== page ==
There aren’t any documents that define the official origins of the Carnaval Ponceño, however, there are documents that mention the event in 1858. The Carnaval de Ponce thus was first observed in 1858 and first introduced as a masquerade dance performed by a Spaniard known as Jose de La Guardia. The masquerade was an event throughout the decades; however, it wasn’t until the 1950s that the municipal government decided to add an event to Carnaval.
In the early 1960s, Carnaval began to incorporate parades that represented civic and cultural institutions and public and private community housing and colleges, schools, banks, industries, and commerce. The Office of Cultural Development of the Municipality of Ponce states “it has been believed the impact from Carnival of the Nice Carnival extended to Barcelona and that the immigrants from Barcelona brought the carnival to Ponce. As time has passed, Poceans have added their twists to the festivities with Afro-Antillean music, which fills the carnival with rhythm, percussion and joy.”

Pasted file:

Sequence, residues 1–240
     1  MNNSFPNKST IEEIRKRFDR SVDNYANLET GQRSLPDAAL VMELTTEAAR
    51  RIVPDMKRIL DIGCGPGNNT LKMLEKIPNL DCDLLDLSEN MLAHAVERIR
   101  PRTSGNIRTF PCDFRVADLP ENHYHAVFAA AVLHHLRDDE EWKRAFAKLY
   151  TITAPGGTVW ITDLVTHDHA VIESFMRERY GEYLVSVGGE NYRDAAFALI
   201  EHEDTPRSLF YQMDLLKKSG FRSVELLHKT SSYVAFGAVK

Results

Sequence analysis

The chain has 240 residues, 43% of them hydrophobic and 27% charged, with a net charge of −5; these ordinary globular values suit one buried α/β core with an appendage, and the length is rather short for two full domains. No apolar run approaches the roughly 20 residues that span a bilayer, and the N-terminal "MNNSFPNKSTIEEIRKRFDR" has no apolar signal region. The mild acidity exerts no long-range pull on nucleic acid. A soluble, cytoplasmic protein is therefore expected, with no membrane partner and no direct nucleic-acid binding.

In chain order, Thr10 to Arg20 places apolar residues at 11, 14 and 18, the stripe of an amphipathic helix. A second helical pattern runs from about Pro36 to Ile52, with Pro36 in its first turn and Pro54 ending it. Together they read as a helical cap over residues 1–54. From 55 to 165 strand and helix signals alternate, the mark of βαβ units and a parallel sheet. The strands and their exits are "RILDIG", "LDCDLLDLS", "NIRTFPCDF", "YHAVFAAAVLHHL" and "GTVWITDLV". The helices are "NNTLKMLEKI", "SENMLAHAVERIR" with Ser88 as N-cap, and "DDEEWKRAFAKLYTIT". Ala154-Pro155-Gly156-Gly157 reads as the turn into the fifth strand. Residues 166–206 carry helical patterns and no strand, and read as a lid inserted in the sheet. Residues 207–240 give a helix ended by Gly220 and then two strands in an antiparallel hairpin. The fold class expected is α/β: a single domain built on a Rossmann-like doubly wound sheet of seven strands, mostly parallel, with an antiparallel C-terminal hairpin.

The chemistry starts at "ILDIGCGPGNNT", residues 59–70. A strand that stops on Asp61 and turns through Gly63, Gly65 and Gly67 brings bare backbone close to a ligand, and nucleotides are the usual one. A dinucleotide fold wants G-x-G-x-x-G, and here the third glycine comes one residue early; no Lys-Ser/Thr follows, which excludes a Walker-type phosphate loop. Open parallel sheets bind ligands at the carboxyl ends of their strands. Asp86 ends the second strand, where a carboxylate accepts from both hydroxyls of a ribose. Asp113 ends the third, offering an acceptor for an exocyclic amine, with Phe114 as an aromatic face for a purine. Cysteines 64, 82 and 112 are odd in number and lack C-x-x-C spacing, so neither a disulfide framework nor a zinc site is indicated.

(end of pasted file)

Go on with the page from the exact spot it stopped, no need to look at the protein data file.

The month of June 1995 saw the Carnaval of Ponce was transported into New York City where, during the Puerto Rican Day Parade, more than 200 performers, as well as folk musicians from Ponce and Ponce’s Banda Municipal de Ponce and the Carnival’s Queen and Child Queen, paraded down the city’s Fifth Avenue as part of the city’s Puerto Rican Day Celebration. In the weeks leading up to the Parade, Folk artists who were part of Carnaval Ponceño toured the city, instructing children to make the traditional Ponce carnival masks. In 2012 the local newspaper called the Carnaval de Ponce “Puerto Rico’s National Carnival.”
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